When you sell your book to a publisher, your work is done after it gets printed. You may be asked to go to book signings, or talk about your work on TV, but all the hard work is done for you. Most publishers will have a marketing department and you just have to show up wherever they have scheduled you to appear and talk about your work. Unfortunately, in self-publishing, this doesn't happen. You have to do everything yourself, including the much-needed (and sometimes much-dreaded) marketing. The advantage of living in the digital age, however, is that you no longer need to go house to house in order to let the public know about your opus. There is one major tool available for your use: the Internet. Learn how to maximize it to market your book and it will pay off big time in the long run. There are many ways you can market your book online. The following are just some of them. Maintain a Blog and Update it Regularly As mentioned in 5 Ways to Promote Your Self-Published eBook, you need to create a sales page. This may be static, and you may have it in your website, but to ensure freshness of your site (which is a good thing in Google’s eyes), you must have a blog. A blog is essentially a website, but a website is not a blog. The differences between the two are simple. A website basically exists to give information; a blog does that but also encourages interaction from readers. Most websites also have static front pages (they don’t change), while blogs—because posts are displayed in reverse chronological order—have a more dynamic content structure. Find Other Bloggers in Your Niche and Interact with Them If you are writing about travel, for example, you can search for the top travel bloggers and book bloggers and connect with them. This includes following their social media accounts (Facebook, Twitter, and Google Plus), and reading their blog posts. Don’t stop at just reading, though. You would want them to be aware of you, and one way to achieve that is to comment on their posts regularly. Never write spammy comments (e.g., “Nice post,” “Thanks for sharing”); address a point that has been mentioned in the blog, as it shows that you did read it. However, never put your blog URL in the comment itself. In most cases, it will be classified as spam and deleted automatically. Most comment forms have a box for your blog URL anyway. Anyone who wants to get in touch with you can find you through your link there. Make sure as well to share some of their posts in social media sites. Most bloggers will return the favor. Get Your Name Out as an Expert Once your book is published and you have established relationships with key people, it’s time to put out your name as an expert in the topic you’re published in. There are some ways you can do this:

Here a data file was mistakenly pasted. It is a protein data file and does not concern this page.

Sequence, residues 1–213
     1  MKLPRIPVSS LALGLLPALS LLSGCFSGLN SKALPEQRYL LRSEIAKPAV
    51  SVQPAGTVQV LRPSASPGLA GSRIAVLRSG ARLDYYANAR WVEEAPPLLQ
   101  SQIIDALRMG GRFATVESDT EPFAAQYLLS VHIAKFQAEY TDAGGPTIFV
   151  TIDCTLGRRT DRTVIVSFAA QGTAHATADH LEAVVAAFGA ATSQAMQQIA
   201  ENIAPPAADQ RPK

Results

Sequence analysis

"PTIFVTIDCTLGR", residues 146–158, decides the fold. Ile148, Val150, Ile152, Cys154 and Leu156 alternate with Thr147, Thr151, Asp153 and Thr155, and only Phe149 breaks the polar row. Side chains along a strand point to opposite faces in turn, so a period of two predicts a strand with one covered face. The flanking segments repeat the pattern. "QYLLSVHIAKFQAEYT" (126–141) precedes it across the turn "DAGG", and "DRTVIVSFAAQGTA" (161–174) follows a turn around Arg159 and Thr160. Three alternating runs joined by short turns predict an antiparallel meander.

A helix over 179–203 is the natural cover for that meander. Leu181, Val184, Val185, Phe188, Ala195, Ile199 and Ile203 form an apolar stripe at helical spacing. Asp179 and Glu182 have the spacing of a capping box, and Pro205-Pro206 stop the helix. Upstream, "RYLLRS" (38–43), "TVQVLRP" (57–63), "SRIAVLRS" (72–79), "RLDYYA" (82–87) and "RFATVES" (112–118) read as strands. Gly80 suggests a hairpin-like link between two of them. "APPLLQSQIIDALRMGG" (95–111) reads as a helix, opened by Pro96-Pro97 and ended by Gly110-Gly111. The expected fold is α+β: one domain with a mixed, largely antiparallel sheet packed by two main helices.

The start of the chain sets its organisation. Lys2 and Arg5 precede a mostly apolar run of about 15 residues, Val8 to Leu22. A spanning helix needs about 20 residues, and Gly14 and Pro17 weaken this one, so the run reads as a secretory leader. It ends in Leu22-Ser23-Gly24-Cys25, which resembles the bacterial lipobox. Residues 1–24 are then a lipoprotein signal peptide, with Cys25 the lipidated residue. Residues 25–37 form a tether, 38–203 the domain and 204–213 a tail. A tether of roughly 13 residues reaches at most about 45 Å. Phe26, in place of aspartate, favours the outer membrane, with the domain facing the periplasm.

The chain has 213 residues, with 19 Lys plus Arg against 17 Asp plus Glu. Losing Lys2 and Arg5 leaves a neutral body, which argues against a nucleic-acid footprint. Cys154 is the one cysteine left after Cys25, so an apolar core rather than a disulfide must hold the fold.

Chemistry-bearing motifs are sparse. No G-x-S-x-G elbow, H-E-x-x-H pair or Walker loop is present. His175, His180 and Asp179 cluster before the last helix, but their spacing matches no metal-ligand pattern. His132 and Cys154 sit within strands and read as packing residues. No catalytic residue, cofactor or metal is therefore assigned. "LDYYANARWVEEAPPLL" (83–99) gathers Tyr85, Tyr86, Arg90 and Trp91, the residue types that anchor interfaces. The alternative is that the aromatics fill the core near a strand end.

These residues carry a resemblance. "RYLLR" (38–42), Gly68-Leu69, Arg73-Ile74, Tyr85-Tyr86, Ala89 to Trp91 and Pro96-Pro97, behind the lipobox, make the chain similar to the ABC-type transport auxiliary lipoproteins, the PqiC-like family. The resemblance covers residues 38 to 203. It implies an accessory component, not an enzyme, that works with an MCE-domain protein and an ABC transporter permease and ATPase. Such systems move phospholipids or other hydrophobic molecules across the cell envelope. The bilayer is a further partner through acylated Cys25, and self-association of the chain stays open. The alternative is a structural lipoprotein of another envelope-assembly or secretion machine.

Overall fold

- Offer to write a quality article as a guest post to selected blogs. Make sure that in your pitch, you detail what kind of post that you will write and how it will benefit the other blog’s (not yours!) readers. This means you have to be familiar with the site you’re pitching to and what kind of posts they write for their particular audience.
- Solicit book reviews, either from other authors or from bloggers. With authors, you can offer a reciprocal book review (they review yours, you review theirs). With other bloggers, or simply readers who can write the review on Amazon, you can offer a free copy of the book in exchange for a review. Keep in mind though, that you have no control over what they will say about your book.
- Sign up on expert sites like Squidoo, HubPages, and Suite101. Write articles there that are related to your niche. The more online exposure you have, the better for your book sales.